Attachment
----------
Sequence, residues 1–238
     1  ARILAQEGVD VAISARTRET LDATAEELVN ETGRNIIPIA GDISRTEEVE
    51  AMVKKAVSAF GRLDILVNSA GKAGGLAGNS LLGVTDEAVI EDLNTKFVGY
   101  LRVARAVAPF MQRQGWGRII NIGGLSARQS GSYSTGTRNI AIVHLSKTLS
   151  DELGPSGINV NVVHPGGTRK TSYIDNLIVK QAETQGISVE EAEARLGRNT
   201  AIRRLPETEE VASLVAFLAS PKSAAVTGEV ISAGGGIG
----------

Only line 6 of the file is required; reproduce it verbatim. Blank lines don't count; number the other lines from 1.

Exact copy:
   201  AIRRLPETEE VASLVAFLAS PKSAAVTGEV ISAGGGIG